The chief vice and virtue of friendship come to the same thing: overestimation. In the narrow world of those who knew him personally, it seemed possible that Allan Bloom, professor of political science at the University of Chicago, author in 1987 of The Closing of the American Mind, should have been counted among the immortal thinkers. The sales of his book, and the millions of dollars it generated in profits, were the material proof of an intellectual project so strong and necessary that Americans craved it as wanderers in the desert need water.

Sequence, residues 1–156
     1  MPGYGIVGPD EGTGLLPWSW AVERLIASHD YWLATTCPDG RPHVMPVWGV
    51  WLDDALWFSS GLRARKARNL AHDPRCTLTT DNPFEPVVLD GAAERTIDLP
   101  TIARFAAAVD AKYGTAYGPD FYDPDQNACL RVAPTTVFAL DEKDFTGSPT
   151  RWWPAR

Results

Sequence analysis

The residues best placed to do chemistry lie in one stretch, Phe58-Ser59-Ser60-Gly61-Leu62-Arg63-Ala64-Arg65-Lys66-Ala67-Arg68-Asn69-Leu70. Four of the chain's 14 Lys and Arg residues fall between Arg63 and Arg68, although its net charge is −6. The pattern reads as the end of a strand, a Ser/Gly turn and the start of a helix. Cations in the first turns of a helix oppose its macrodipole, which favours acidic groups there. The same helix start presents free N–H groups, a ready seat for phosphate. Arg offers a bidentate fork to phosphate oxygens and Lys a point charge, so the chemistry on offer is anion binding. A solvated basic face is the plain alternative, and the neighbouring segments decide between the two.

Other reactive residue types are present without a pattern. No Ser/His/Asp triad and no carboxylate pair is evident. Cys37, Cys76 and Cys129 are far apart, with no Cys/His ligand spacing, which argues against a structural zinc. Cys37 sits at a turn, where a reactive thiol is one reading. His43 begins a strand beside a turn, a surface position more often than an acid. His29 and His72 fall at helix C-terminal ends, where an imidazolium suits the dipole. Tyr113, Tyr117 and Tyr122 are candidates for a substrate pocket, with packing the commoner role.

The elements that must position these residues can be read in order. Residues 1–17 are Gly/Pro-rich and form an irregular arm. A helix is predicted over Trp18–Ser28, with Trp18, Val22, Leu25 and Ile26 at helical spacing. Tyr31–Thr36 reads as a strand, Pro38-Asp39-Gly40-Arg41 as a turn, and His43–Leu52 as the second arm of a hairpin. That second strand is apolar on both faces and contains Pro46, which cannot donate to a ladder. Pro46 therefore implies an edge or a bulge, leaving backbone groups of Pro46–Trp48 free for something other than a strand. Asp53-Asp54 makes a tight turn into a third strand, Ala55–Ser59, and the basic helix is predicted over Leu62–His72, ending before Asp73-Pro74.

The 29-year-old holding the microphone, Zack de la Rocha, is issuing calls, in only mildly metaphorical language and in quick succession, for war against capitalists, death to racists, justice for the oppressed, and possession by the workers of the means of production. He is backed by a guitarist and a rhythm section. He's watched by a sea of upturned faces. As the vocalist for the rock group Rage Against the Machine, de la Rocha has been making these demands for eight years with increasing sophistication and success.